Write a review

At This Point, Jumping on the 5-star Bandwagon - White Plains, NY

To all who are interested: I have been...

To all who are interested:

I have been looking for a rhinoplasty surgeon for a very long time. I have lived in many of the major cities on the East Coast, as well as in the Toronto and Chicago area. There is an abundance of surgeons in all these cities, and I was willing to have surgery in any one of these location, if I found the right person. I have literally spent the past several years amassing information on which surgeons would, and which surgeons would not, be professionals worth considering for my rhinoplasty. (So...after copious amounts of research on the subject —we're talking YEARS — I'm trying to say that I had very high standards for my potential surgeon's expertise, even though I was not expecting "miracles" from the rhinoplasty itself. Overall, I desired a small narrowing of the tip from the frontal view, as well as an improved lateral and oblique view. I had a small bump and a slightly asymmetric, relatively bulbous nose. I am of celtic background, and so, I have the traditionally thin, fragile skin and wide nose associated with this type of ancestry.) Now, let me explain the following crucial information: as my husband and I live in Boston, this rhinoplasty required long-distance trips in the car to work Dr. C. Thus far it has been totally worth it.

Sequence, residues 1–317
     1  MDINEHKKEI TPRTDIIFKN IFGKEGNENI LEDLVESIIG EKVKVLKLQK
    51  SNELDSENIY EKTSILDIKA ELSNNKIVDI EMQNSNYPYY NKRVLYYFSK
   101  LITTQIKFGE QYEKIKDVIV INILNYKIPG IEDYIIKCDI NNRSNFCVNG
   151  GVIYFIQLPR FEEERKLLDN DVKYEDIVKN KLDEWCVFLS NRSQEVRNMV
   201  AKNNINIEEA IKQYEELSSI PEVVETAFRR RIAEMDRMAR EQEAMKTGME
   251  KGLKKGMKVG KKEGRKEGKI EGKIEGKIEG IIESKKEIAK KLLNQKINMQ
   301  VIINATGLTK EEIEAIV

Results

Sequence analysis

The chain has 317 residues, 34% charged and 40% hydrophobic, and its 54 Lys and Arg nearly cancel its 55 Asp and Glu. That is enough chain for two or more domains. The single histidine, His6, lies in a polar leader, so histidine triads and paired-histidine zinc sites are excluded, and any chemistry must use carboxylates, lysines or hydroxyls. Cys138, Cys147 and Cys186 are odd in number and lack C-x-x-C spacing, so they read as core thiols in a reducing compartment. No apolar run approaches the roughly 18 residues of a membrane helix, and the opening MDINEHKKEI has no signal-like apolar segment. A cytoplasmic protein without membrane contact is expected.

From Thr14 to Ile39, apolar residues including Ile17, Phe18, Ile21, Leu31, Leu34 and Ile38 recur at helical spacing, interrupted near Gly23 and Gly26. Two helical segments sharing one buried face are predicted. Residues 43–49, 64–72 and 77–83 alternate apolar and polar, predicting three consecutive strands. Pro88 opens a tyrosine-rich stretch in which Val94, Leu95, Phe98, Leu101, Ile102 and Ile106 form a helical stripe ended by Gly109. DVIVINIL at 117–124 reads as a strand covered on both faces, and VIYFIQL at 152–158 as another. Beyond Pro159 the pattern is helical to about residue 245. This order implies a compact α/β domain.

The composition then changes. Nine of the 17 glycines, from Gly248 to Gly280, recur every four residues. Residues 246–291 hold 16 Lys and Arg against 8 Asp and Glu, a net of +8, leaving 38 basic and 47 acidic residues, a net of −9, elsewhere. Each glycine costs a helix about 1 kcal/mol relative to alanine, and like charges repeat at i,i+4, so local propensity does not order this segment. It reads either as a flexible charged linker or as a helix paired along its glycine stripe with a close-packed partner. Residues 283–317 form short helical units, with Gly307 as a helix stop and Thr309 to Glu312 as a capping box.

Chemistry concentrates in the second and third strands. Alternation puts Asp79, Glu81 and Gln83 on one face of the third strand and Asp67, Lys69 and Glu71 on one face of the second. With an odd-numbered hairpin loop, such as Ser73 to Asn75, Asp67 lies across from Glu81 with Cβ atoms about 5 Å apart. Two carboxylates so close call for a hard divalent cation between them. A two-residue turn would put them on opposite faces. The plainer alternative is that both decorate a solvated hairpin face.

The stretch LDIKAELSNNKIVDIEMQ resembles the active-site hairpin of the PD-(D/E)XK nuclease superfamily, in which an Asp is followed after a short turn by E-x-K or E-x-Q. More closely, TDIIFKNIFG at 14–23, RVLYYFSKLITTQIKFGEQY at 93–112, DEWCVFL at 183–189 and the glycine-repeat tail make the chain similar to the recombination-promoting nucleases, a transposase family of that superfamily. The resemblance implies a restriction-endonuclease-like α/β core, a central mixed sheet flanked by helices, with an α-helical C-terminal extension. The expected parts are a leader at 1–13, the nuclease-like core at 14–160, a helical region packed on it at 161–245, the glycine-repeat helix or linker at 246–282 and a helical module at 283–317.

After having read the reviews on RealSelf about Dr. Ciardullo, I decided to meet him in person, look at his portfolio, etc. I brought my husband, as well, who has been enormously supportive of this entire enterprise. Both my husband and I knew, immediately after speaking to Dr. C, that we wanted him to perform my rhinoplasty. He was incredibly personable, talked to us for quite awhile not only about rhinoplasty but his other interests. (He did an undergrad in cognitive science, and was interested in the relationship between the mind and brain. This is interesting to my husband and me, as it relates to our own subspecialty in a doctoral program we are both in. Apparently, Dr. C. originally wanted to be a neurologist or neurosurgeon, though I can't remember which one ... He changed to plastics because, as he stated, "It seemed a far more diverse and interesting specialty, actually. I loved that I could such varied things..." Did you know that he even does reconstructive surgery on patients that truly need it — burn patients, cancer patients, etc. —while not running his "traditional" plastics practice? He shard this information humbly, almost reluctantly in some ways, but passionately. Now really, how cool is that?) I note these details in order to give a you a sense of who this man seemed to be (at least to me), as it was crucially important to me (and my husband) to be able to click intellectually and aesthetically with the surgeon I was working with. He just seemed... really human. (I mean that as the highest compliment.) He was compassionate, sincere, and wildly interested in everything.